Throughout the European press, I constantly hear Europeans asking whether Americans would actually vote for an African American as president. This weekend when asked the same question by a close Spanish friend, I played devil’s advocate, pushed all the buttons and cited recent examples of Spanish racism (the Spanish national basketball team, the colloquial use of the diminutive when referring to foreigners, and even their irrational hatred and distrust of Lewis Hamilton’s win yesterday in Formula One), though I do not consider Spain to be an overtly racist country.
Nevertheless, in a recent study by the Pew Research Center’s 2008 Global Attitudes Project, Spaniards came off as amongst the most racist (in terms of being both anti-Muslim and anti-Semitic) in Europe. In Spain, unfavorable views towards Jews was up from 21% (2005) to 46% this year; and 52% had negative views of Muslims. At the same time, though, Europeans, especially Spaniards, overwhelmingly prefer Barack Obama.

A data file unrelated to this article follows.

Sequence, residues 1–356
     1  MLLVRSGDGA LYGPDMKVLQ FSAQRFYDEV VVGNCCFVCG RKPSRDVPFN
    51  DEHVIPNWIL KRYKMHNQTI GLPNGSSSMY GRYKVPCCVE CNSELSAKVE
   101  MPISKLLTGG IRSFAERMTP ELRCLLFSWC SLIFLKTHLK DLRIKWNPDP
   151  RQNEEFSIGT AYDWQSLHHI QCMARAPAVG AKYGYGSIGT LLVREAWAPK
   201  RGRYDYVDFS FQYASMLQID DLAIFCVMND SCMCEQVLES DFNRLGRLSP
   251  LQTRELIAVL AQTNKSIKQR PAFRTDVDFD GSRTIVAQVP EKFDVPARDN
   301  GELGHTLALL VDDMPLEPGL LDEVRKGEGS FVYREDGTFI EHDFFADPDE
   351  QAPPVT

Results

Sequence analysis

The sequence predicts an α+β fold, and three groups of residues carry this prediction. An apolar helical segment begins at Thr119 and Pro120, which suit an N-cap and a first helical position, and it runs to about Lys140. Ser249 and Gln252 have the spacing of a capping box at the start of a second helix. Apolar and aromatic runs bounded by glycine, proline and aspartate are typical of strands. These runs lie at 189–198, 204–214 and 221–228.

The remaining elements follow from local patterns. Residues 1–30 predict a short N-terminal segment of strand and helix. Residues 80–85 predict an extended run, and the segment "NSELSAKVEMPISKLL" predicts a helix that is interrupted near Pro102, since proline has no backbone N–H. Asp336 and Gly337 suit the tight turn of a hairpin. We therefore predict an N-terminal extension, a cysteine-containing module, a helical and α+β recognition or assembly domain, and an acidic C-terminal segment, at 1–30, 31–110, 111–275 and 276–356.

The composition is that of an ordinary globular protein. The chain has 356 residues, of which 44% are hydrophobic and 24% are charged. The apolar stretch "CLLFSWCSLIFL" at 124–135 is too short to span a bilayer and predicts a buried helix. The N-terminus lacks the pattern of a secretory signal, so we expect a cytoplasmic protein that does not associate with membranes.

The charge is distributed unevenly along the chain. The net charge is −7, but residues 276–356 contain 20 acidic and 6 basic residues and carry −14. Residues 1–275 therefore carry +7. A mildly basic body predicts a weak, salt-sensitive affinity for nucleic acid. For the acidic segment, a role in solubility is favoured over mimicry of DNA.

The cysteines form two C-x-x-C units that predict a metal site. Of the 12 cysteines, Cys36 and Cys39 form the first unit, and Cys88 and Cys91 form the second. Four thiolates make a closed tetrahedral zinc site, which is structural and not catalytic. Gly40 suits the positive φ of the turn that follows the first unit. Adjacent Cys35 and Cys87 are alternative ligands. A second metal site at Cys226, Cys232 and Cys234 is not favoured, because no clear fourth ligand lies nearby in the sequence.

So there is an irony to Europeans’ fascination with the racial aspect of the American presidential election and whether the “racist” Americans may actually vote for a black president. As I recently commented in a blog post on the subject, Obama has become by far the mainstream candidate with endorsements from all of the mainstream newspapers and with astonishingly record high donations from private citizens, mainly white. More importantly, the African American candidate and his family now look, act, and talk more like the average American than do his white counterparts.
So when you look closely at the facts, what is interesting from the European perspective isn’t whether Americans will vote for an African American but why there is almost no political representation by minority groups at all in European political life.